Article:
Shweta Singh

As I leaf through my redolent memories; the one which twitches and lingers on inner eyelids with flashes of jiffs, a feeling I can't put my fingers on, perhaps a paroxysm of inveigling fear or a desolate emotion; I found them distinct yet blurry. I remember those muddy galoshes, the weeping willow in backyard, it's dappled light through the white curtains, those wooden louvere wardrobe and he-clad in flannel and tweeds.
He didn't have any name. I called him Cain.
Was it then? When I found a book in that wardrobe one rainy night, light-headed tottered a few wobbly steps to bed and completely left it-open ajar; or was it when I first stepped inside the room which was brimmed with a grim dampness; even the light seemed hesitant through the shutters.
My childhood was exuberant, full of colours and strait-laced; younger women coed me and brought me chocolates, neglected grannies snickered and disparaged me for being a girl-child, my own meticulous father, a rodomontade- owned a few lands in countryside , a luddite but managed a well-known restaurant in the city, longed for a male-child and was always disappointed in me. My mother; if I said to describe her it would be 'a bel ange', a fey grace, her opalescent limbs gleamed in sun and her hairs cascaded in long curls; wanted to be an actress but ended up in school, teaching young children. She was always keen on me. I was the only child.
Later in my late-adolescent days, we rented an independent-house in suburb-Gurgaon. And I was gifted that room.
The very-first night was long, suffocating, a disparate silence and a kind of eldritch air flowing in moderation. I laid seminude in my white cotton-nightshirt beneath a grey bed-cover and if I could run away, I would have but a sudden outburst of fear excruciated me and I found myself clenching my hands and shutting my eyes in vain attempt of falling asleep. I felt stares inquisitive of my existence, my flesh, my limbs. It's origin was the wardrobe I could sense it and the air betwixt us was incarcerating and beguiling. The thing imbibed on me.
I didn't evoke any memory of how I fell into a deep slumber but the next thing I knew I stumbled out of bed and ran outside of the room; enjoyed a pleasurable freedom.
I spent my days in my mother's room, neglected any form of contact with that room or that thing. I spent my days in exhilarance. Oh! Gentle Lord! If I could have been more wary, if I could have just slipped into my mother's embrace, if I could not have just touched the wardrobe, fetched the book or left it open that one obnoxious night; a delirision of pseudo- liberation, no matter how much I lamented- poignant to a degree of no return- I could not have escaped. A limbo.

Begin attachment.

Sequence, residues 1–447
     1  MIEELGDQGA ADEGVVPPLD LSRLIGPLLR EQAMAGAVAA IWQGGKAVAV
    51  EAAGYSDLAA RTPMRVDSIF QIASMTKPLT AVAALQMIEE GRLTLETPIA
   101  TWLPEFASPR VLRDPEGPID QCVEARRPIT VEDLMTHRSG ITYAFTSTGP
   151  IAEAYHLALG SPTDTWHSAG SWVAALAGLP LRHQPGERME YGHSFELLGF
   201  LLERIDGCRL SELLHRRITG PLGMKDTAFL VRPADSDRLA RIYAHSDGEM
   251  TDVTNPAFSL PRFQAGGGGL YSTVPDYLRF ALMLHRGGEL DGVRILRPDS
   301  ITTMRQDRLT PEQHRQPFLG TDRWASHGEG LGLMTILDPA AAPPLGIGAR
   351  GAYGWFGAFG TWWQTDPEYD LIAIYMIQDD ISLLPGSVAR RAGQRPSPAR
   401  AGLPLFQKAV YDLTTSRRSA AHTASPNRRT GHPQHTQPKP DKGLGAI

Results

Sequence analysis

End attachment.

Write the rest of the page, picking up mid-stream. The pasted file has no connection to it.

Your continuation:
I hummed. I danced while trying my utmost to fit into my pyjamas, a wiggling baboon; and lounged in bed to read the book; then I fell asleep.
I find it more difficult to describe what was I feeling and experiencing, I woke up to someone twisting and shifting behind me and gleaned a sense of realisation from the weight of pressure behind my back, a few weary puffs and a drilling nonchalant stare that it was in the proximity of a breath away; and I found myself imbibing on a petrified nerve like a deer crumbling under a potentate lion. I faced the white seamless-wall in dread, did nothing and stayed pinned in that exact position for more than a hour. Reluctantly I tried to sneak some peeks but gave in numbness. I couldn't mutter a single word, not perform any movement; even a slight change in my breath was more nerve-wracking, it could have noticed the stiffness in my body but I don't know.
Somehow I managed to attune some stealthy movements slightly turning in to take a look, masking my vigil and slowing opening my eyes only to see a pair of eyes staring right into mine. I saw a man silhouette, an short-aquiline nose, a bedraggled flannel shirt and a rugged brown tweed; his frame was towering at me like a titled-tower and he sat leg-crossed like a buddha.
I was bewitched and distressed.
I found myself unable to move my eyes from it.
I asked his name and he didn't have any name. I called him Cain.
Cain could be a epitome of seraph, he sprawled and growled like a kid. His hand often brushed my downy limbs, lingered more on my face tracing every part of my flesh and his eyes never left mine. I was madly and frantically engrossed with him.
I stayed with him in the room for days, stepped out a bit for fetching food and disregarded any perturbed gazes from my parents.
The room became my prison.
"Cain Cain Cain Cain"
I relished the nibbling sensation on my shin, on my groin and his sibilant sound on my neck with paroxysm of pleasure which I relived again and again in our daily fornication. He was only visible to me.
Then one gruesome morning Cain was no longer visible to me and all I could see my mother stifling her pained-voice and rocking me in a embrace, sobbing and mumbling these words
"All is right now I brought an exorcist"

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